- Mortar and car bomb attacks killed nearly 60 people, report says
- A car bombing in Homs' al-Zahra neighborhood kills 40, state news agency says
- The car bomb hits an Alawite area, says the Syrian Observatory for Human Rights
- Chemical weapons watchdog says it is investigating chlorine gas attack claims
At least 58 people in Syria were killed Tuesday in "terrorist" mortar and car bomb attacks in the city of Homs and the Damascus area, the state-run Syrian Arab News Agency reported.
A car bombing in Homs' al-Zahra neighborhood killed 40, SANA reported, citing an unnamed source in the area.
The Syrian Observatory for Human Rights, a London-based monitoring group, also reported many casualties, including women and children, in the car bomb attack.
It described al-Zahra as an Alawite neighborhood. Syria's President Bashar al-Assad is a member of the Alawite religious sect, which is an offshoot of Shia Islam.
In Damascus, mortar rounds hit the al-Shaghour neighborhood. Two slammed into the Badr-Eddin al-Hooni Institute for Islamic Sharia Sciences, killing 14.
Four people were killed in a mortar strike at a center for displaced people in the Damascus countryside. Three of those killed were children.
Scores of people were wounded in the violence.
The unrest comes amid Syria's three-year civil war pitting government forces against rebels trying to end the rule of al-Assad. The government often refers to rebels as armed terrorists bent on destabilizing the country.
The government announced this month that new elections would be held June 3.
But that may not yield any change in a country where al-Assad's family has had a tight grip on power for 43 years. Al-Assad succeeded his father in 2000 and won a second term in 2007, unopposed.
More than 100,000 people, including many civilians, have been killed in the war.
Chlorine gas attack claims
The Organisation for the Prohibition of Chemical Weapons announced Tuesday that it would investigate claims the Syrian government may have used chlorine gas in a deadly attack on its people this month in Hama province.
"The Syrian government, which has agreed to accept this mission, has undertaken to provide security in areas under its control," the OPCW said. "The mission will carry out its work in the most challenging circumstances."
The team is expected to leave for Syria soon and has the backing of the United Nations, the statement added.
If confirmed, a chlorine attack would undermine a deal brokered by Russia last fall and approved by the U.N. Security Council that requires Syria to surrender its chemical weapons to the international community.
The agreement halted threats of U.S. military action after allegations Syria launched a chemical attack last August that killed over 1,400 people. Al-Assad and other officials have vehemently denied their forces were responsible.
The Syrian opposition does not have helicopters to carry and deliver such weapons, and has been trading accusations with the government about the April 11 incident.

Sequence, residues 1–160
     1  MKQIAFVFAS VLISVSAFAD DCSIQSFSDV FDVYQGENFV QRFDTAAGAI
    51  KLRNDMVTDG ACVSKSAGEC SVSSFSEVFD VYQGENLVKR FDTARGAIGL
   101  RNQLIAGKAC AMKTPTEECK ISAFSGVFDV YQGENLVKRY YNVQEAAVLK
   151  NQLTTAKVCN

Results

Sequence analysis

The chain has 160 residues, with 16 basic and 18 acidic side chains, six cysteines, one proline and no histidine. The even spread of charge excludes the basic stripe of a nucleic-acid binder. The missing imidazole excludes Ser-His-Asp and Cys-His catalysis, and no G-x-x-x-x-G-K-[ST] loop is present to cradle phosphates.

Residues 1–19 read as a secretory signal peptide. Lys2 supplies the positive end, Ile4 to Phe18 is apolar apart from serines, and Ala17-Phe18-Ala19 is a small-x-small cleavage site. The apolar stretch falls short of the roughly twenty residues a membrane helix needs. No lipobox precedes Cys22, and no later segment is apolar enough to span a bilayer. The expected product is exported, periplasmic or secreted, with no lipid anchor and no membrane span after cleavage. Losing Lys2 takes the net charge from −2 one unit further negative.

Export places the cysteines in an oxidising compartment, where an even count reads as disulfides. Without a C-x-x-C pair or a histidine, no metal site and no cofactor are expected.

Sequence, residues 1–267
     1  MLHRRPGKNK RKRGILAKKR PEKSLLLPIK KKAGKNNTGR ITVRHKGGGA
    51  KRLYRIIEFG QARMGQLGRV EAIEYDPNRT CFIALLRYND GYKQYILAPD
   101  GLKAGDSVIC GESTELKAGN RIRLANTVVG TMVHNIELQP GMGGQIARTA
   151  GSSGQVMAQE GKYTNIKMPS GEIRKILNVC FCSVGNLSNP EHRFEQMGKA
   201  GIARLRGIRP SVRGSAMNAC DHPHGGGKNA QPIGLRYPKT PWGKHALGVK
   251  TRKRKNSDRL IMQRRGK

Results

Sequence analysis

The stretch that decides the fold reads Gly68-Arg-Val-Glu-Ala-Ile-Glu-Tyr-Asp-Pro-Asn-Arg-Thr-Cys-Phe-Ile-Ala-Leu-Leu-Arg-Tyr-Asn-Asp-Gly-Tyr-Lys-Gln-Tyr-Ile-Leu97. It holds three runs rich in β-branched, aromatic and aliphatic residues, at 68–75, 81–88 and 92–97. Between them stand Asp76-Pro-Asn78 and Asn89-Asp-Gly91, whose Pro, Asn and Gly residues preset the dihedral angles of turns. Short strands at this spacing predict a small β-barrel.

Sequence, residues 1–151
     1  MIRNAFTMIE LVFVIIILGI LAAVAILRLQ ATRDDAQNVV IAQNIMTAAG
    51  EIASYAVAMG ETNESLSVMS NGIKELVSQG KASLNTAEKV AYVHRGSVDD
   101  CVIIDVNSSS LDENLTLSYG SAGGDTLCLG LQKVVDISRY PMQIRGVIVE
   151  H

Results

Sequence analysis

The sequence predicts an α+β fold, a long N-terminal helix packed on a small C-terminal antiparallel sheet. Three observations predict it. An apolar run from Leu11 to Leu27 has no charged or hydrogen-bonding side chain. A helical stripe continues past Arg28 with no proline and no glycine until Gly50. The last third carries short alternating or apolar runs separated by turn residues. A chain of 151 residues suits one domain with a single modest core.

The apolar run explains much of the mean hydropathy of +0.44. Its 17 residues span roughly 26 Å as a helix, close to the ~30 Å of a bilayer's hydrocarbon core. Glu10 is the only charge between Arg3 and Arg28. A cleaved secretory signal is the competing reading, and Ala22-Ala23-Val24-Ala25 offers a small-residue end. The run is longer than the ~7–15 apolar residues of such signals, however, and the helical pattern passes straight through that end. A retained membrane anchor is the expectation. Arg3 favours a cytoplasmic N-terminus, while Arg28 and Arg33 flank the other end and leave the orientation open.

Controversy followed video clips posted on anti-government websites showing a number of civilians, including children, appearing to have difficulty breathing and using oxygen masks. The chemical symbol for chlorine, Cl2, is visible on the side of a canister that opposition activists say was used in the attack.
State Department spokeswoman Jen Psaki said last week that the United States "had indications of the use of a toxic industrial chemical, probably chlorine, in Syria this month in the opposition-dominated village of Kfar Zeita."
She added, "We're examining allegations that the government was responsible."
Analyst: 'A likely deliberate tactic'
In a report Tuesday, analyst Firas Abi Ali of IHS Country Risk cited several claims in international and opposition social media that the Syrian government has stepped up its use of chlorine gas against civilian and military targets in Idlib, Hama and Damascus provinces since April 15.
IHS has not been able to confirm the reports independently, he said, but they have been corroborated by videos showing civilians suffering symptoms associated with chemical weapons use.
"If confirmed, it indicates that Assad assesses that he can use these weapons with impunity, given U.S. unwillingness to intervene directly, and reflects his own forces' overstretch in the face of opposition offensives in Daraa, Aleppo and Latakia," he said.
"Moreover, the use of chemical weapons is a likely deliberate tactic intended to highlight to the civilian population the severe cost of supporting the insurgency."
Chlorine is not listed as a chemical that Syria is expected to give up under the Security Council resolution. But its use as a weapon of war is prohibited under the 1925 Chemical Weapons Convention, which Syria has signed.
More than 90% of Syria's chemical weapons material has now been removed or destroyed, the OPCW said Thursday, ahead of the June 30 deadline agreed to under the international deal.